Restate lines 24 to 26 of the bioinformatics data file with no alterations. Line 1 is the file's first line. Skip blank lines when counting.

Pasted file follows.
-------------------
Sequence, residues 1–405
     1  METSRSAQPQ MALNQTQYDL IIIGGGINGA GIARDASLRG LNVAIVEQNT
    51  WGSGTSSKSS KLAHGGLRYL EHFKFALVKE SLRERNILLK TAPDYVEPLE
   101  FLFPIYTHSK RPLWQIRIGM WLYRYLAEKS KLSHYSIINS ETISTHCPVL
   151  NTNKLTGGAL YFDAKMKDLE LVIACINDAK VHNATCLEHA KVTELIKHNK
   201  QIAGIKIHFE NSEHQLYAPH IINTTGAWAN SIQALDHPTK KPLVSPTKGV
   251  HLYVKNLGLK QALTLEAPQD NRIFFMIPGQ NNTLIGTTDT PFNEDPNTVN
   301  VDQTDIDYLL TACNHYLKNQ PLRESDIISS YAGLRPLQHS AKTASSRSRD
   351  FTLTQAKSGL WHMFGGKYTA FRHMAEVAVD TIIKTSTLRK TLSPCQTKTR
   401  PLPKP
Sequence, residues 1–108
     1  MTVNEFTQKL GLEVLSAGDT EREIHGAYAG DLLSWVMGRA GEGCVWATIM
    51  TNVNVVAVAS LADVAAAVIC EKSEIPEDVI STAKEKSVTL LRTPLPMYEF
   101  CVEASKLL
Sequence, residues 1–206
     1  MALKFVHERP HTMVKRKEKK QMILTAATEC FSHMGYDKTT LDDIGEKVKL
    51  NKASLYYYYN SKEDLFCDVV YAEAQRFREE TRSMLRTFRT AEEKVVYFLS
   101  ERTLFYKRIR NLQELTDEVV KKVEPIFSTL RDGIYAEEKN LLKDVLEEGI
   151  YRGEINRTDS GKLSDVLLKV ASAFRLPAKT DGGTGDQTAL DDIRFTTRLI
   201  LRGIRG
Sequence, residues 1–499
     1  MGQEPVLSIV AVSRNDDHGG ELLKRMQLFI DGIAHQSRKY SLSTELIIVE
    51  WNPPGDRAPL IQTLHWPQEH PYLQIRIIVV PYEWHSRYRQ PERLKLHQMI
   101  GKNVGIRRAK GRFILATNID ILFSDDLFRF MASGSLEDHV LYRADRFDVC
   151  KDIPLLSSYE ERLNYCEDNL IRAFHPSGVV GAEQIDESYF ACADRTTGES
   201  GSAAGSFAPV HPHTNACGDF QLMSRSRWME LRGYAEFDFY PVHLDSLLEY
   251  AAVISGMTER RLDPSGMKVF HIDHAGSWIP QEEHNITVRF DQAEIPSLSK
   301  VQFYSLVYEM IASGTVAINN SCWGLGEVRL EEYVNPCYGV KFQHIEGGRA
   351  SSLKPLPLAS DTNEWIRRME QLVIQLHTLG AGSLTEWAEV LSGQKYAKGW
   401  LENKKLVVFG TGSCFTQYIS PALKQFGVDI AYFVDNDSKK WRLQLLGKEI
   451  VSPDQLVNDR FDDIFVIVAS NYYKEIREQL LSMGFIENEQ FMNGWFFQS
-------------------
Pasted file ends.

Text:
   101  GKNVGIRRAK GRFILATNID ILFSDDLFRF MASGSLEDHV LYRADRFDVC
   151  KDIPLLSSYE ERLNYCEDNL IRAFHPSGVV GAEQIDESYF ACADRTTGES
   201  GSAAGSFAPV HPHTNACGDF QLMSRSRWME LRGYAEFDFY PVHLDSLLEY